With regard to the government enforcement of measures related to commercial milk and dairy imports at land border crossings: (a) what specific training is provided to border agents to ensure milk and dairy imports crossing the border comply with trade agreements; (b) what is the estimated amount of milk and dairy products imported each year, broken down by point of entry where they come into Canada; (c) which points of entry have agents that specialize in milk and dairy imports; (d) for any points of entry that do not have agents who specialize in milk and dairy imports, what specific procedure is followed to ensure that any milk being imported is compliant with all trade agreements and import controls; (e) how many milk and dairy products have been imported since January 1, 2021, broken down by (i) month, (ii) program (Duty Relief Program, Import for Re-Export Program, etc.); (f) how many milk and dairy products which were not in compliance with our trade agreements, were attempted to be imported into Canada since January 1, 2021, broken down by (i) month, (ii) program; (g) of the products in (f), how many were (i) allowed into Canada, (ii) turned away at the border; (h) what is the total value of fines (i) issued, (ii) actually paid, related to commercial dairy importers arriving at land border crossings being in non-compliance; and (i) are there specific situations where border agents have been instructed to allow non-compliant milk and dairy to be allowed entry into Canada, and, if so, what were those situations?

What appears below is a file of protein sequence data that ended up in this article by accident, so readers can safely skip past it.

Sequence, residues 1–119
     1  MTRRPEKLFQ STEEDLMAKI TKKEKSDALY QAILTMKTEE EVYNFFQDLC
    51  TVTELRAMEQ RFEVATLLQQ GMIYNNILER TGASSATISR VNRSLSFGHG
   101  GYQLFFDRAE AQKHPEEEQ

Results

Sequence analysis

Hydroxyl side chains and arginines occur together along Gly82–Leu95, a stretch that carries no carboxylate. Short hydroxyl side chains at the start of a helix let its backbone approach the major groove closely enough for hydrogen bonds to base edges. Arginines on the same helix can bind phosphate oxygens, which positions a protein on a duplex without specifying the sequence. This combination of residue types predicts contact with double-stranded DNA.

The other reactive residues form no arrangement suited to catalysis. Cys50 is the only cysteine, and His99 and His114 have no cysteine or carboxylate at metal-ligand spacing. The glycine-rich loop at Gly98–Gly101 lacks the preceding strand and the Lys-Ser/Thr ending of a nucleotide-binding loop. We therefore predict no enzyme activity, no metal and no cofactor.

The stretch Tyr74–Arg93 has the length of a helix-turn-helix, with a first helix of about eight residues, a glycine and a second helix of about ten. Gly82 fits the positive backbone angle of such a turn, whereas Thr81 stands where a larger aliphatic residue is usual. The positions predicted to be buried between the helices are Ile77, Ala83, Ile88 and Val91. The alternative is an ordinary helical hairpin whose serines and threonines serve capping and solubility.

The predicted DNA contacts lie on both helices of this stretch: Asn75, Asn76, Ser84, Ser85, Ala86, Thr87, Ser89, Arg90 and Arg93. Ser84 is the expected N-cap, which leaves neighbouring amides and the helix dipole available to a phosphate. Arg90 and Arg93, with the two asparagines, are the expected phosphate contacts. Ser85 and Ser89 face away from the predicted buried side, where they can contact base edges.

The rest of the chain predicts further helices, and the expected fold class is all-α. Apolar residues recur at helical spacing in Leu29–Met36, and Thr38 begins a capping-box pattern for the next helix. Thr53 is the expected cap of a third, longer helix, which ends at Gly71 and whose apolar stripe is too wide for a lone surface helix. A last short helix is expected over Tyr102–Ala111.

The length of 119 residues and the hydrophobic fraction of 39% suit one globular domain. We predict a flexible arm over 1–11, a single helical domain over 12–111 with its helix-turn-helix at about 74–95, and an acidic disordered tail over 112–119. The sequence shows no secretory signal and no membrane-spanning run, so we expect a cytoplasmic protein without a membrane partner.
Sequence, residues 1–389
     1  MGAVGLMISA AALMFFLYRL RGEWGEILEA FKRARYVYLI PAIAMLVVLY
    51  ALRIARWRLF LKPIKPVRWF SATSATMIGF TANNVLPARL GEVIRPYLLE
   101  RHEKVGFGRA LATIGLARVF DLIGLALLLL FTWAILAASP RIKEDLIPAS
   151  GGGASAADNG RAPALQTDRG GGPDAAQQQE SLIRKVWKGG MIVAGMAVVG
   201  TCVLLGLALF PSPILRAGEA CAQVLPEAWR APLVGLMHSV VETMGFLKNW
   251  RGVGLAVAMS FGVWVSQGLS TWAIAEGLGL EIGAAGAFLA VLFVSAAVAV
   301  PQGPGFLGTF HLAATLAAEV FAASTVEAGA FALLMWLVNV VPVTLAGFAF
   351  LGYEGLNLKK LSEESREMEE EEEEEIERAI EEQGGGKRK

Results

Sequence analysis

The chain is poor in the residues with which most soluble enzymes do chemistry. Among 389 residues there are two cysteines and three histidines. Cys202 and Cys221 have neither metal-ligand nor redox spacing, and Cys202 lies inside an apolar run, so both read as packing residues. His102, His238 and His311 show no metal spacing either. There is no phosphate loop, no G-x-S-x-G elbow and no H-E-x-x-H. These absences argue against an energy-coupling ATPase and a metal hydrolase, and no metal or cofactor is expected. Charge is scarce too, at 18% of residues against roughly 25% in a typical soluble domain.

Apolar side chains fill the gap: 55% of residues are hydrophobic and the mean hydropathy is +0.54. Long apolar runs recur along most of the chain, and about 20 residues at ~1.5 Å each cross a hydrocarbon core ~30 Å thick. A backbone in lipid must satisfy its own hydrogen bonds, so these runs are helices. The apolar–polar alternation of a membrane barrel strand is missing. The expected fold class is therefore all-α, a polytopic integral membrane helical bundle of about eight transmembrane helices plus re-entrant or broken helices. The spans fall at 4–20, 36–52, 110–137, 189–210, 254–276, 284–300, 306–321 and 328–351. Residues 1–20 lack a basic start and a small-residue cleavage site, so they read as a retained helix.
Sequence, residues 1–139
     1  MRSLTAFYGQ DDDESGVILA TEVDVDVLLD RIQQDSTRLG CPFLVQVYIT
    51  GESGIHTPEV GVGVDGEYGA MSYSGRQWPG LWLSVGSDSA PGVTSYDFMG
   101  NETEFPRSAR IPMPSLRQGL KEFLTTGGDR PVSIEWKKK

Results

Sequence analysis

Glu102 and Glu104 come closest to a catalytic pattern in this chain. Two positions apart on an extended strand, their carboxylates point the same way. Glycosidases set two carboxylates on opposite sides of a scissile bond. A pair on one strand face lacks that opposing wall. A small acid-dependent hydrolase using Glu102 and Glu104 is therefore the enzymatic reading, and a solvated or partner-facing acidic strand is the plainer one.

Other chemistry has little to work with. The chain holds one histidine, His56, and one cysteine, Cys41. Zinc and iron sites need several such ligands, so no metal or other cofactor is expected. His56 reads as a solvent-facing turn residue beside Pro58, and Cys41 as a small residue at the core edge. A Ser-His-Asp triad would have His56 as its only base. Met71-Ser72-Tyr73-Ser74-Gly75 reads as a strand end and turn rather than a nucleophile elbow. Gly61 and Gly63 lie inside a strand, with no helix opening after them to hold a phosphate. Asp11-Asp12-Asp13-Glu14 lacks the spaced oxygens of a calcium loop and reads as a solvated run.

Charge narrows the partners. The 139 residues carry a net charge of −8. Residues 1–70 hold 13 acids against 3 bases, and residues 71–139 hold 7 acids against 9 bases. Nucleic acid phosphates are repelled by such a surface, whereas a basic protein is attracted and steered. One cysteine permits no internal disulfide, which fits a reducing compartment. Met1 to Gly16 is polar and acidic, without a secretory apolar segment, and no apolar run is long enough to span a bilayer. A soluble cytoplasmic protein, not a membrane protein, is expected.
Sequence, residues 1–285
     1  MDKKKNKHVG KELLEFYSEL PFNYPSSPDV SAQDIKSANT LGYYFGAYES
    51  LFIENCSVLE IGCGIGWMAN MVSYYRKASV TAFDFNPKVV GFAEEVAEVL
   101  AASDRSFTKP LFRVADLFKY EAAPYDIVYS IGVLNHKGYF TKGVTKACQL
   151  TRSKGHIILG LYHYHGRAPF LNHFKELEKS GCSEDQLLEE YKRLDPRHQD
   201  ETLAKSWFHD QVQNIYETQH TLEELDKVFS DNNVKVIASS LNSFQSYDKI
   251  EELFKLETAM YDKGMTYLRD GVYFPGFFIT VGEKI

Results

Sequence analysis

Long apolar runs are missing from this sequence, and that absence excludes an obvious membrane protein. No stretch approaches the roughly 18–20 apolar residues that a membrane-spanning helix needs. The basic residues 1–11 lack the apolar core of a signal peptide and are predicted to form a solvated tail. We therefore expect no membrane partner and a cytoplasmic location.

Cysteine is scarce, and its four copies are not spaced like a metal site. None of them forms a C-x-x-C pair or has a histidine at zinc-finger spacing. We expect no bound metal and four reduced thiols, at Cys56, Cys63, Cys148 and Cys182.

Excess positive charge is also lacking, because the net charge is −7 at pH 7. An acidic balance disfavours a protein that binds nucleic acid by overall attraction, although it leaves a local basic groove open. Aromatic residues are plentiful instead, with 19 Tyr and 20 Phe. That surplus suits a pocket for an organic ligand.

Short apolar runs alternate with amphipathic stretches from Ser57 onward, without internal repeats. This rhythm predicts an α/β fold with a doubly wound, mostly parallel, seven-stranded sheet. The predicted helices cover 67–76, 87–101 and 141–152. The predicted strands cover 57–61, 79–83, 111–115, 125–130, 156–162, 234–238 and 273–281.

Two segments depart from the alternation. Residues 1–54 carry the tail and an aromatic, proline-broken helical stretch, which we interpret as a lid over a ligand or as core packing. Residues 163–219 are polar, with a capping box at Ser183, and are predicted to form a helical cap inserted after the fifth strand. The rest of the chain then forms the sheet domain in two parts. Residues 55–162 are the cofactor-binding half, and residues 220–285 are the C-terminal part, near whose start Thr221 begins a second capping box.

Response
(Return tabled)

Question No. 516—
Mr. Eric Duncan:
With regard to the government enforcement of measures related to commercial poultry imports at land border crossings: (a) what specific training is provided to border agents to ensure poultry imports crossing the border comply with trade agreements and are labelled correctly; (b) what is the estimated amount of poultry products imported each year, broken down by type of product and point of entry where they come into Canada; (c) which points of entry have agents that specialize in poultry imports; (d) for any points of entry that do not have agents who specialize in poultry, what specific procedure is followed to ensure that any poultry being imported is compliant with all trade agreements and import controls; (e) how much of each type of poultry product has been imported since January 1, 2021, broken down by (i) month, (ii) program (Duty Relief Program, Import for Re-Export Program, etc.); (f) how much of each type of poultry product which were not in compliance with trade agreements, were attempted to be imported into Canada since January 1, 2021, broken down by (i) month, (ii) program; (g) of the products in (f), how many were (i) allowed into Canada, (ii) turned away at the border; (h) what is the total value of fines (i) issued, (ii) actually paid, related to poultry importers arriving at land border crossings being in non-compliance; and (i) are there specific situations where border agents have been instructed to allow non-compliant poultry products to be allowed entry into Canada, and, if so, what were those situations?